iii. the 1995 Fourth World Conference on Women held in Beijing, China.

c. Only CEDAW which was ratified by the Philippine Senate in the late 1980’s. The ICPD Programme of Action and the Beijing Declaration are not treaties but mere “recommendations” whose implementation rely on particular initiatives of state parties like the Philippines. Nevertheless it is on ICPD that the RH bill relies for its definition of “reproductive health”:“…

“… a state of complete physical, mental and social well-being and not merely the absence of disease or infirmity, in all matters relating to the reproductive system and to its functions and processes. Reproductive health therefore implies that people are able to have a satisfying and safe sex life and that they have the capability to reproduce and the freedom to decide if, when and how often to do so” (Par. 7.2, ICPD).

d. RH includes abortion in the ICPD document.- The ICPD Programme of Action refers to reproductive health care as to include— “inter alia [among others], include abortion;” (Par. 7.6, ICPD). The Programme of Action also states that: “in circumstances where abortion is not against the law, such abortion should be safe (Par. 8.25, ICDP).

e. There is a twisting and forcing of meaning in traditionally understood rights.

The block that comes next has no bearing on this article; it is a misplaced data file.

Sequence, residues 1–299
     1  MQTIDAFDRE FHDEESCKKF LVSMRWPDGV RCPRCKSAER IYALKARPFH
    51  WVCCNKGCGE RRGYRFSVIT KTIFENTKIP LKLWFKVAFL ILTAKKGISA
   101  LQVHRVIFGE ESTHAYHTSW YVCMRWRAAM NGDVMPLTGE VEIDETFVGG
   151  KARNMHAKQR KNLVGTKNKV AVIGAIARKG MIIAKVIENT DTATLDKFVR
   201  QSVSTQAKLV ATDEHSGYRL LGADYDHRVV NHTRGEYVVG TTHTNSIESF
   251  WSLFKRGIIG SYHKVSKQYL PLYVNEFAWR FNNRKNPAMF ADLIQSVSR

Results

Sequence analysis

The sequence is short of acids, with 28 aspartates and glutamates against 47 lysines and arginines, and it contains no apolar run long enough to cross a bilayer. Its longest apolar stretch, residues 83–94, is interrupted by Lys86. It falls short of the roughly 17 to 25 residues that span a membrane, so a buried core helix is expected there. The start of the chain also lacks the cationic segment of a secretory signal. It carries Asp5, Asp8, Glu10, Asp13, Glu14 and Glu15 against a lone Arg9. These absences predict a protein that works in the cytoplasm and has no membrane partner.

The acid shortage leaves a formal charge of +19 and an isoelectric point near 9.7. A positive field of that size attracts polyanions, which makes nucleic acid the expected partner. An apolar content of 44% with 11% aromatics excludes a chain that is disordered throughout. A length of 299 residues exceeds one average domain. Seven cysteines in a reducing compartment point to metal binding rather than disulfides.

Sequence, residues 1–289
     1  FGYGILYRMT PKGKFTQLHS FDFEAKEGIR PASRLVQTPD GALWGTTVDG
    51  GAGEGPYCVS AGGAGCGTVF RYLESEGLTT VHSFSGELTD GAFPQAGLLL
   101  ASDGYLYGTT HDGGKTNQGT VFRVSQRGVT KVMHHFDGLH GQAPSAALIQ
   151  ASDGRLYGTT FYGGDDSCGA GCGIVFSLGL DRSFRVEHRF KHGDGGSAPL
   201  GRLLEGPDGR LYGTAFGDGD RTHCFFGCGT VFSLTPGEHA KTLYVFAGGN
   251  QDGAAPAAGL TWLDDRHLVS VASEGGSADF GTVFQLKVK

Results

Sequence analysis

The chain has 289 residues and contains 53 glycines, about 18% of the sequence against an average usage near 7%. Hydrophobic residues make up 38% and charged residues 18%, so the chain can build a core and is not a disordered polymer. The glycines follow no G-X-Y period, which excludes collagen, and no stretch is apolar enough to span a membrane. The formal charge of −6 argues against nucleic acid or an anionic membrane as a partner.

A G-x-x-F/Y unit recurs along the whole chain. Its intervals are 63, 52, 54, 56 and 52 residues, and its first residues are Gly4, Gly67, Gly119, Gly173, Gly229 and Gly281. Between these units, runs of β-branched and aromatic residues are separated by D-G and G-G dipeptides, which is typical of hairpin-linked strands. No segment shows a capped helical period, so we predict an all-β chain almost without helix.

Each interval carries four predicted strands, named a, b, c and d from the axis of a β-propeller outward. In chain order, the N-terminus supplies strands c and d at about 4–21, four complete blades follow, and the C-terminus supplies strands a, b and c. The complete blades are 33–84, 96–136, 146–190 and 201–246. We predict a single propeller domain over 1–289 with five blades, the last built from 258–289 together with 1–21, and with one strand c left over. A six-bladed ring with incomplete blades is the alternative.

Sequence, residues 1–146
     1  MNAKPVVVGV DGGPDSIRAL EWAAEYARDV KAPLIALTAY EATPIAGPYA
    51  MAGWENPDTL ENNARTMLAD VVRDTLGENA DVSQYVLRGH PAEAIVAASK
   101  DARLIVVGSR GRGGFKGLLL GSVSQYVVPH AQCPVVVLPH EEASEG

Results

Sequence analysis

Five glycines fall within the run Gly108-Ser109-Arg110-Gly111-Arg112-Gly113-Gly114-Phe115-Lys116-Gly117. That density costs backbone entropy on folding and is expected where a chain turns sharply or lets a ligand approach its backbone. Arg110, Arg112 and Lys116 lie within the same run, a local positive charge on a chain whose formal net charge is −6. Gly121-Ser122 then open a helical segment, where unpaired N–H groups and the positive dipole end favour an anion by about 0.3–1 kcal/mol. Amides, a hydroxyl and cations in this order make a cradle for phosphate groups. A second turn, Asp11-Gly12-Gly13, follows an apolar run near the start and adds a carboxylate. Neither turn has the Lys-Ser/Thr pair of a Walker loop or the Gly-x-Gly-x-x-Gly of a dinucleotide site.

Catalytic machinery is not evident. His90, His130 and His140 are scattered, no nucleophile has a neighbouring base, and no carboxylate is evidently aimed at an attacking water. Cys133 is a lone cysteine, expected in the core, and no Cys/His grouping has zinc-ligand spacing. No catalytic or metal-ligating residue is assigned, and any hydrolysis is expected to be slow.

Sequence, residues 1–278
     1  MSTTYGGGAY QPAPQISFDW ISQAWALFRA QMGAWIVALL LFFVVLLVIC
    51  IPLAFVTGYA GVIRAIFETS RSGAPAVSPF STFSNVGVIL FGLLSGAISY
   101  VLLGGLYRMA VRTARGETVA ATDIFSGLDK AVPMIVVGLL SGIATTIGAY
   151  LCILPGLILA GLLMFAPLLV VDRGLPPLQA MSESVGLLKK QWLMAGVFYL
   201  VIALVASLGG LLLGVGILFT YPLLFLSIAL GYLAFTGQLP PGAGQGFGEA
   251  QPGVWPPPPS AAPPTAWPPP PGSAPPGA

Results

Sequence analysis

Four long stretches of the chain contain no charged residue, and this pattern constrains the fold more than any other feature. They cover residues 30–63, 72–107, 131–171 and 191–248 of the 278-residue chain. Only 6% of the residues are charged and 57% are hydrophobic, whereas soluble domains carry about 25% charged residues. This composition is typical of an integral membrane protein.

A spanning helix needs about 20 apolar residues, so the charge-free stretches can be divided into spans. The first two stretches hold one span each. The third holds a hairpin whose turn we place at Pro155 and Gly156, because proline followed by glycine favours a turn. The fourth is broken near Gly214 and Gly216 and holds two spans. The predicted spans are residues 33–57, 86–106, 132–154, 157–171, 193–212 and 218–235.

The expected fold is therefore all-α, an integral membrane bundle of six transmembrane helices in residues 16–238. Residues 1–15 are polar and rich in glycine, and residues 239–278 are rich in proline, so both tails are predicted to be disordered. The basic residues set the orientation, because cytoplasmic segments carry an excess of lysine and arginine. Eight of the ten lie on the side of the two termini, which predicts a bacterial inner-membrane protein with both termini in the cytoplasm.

f. Why should the bill’s “rights” language be feared?

It is not enough that the bill enshrines “reproductive rights” with its own definition in Section 4. State power will guarantee such “rights”. The bill’s initial Policy Declaration in Section 2 has no pretensions. It says:

‘The State recognizes and guarantees the exercise of the universal badi human right to reproductive health by all persons”

There are repeated references to such “rights” in other parts of the bill, in varied language, and assuredly accompanied by the shadow of state guarantee. Section 3a( Guiding Principles ) is one such instance:

“Freedom of choice, which is central to the exercise of right must be fully guaranteed by the State.” 

State guarantee is a repetitious theme in the Bill . At least three times in Section 2 the Bill “guarantees universal access to . . . reproductive health care service s, methods, devices, supplies” and “prioritizes the needs of women and children, among other underprivileged sectors.” This is an ominous guarantee of “rights” that is given added power by the final sentence of Section 2, second paragraph, that says:

“As a distinct but inseparable measure to the guarantee of women’s rights, the State recognizes and guarantees the promotion of the welfare and rights of children.”

If these guarantees are not enough yet, the Bill directs the state to foreclose all obstacles to such “freedoms. ” Section 2 Declaration of Policy) states:

“The State shall eradicate discriminatory practices, laws and policies that infringe on a person’s exercise of reproductive rights.” 

Finally, these enshrinements and guarantees will have an overriding effect of  transforming the Filipinos’ generosity for children into an open hostility that regards new life as “ unwanted, unplanned, mistimed” burdens. If law is an ordinance of reason(Aquinas), recent studies in history, science, ethics, and law have shown that passing the Bill manifests a lack of reason.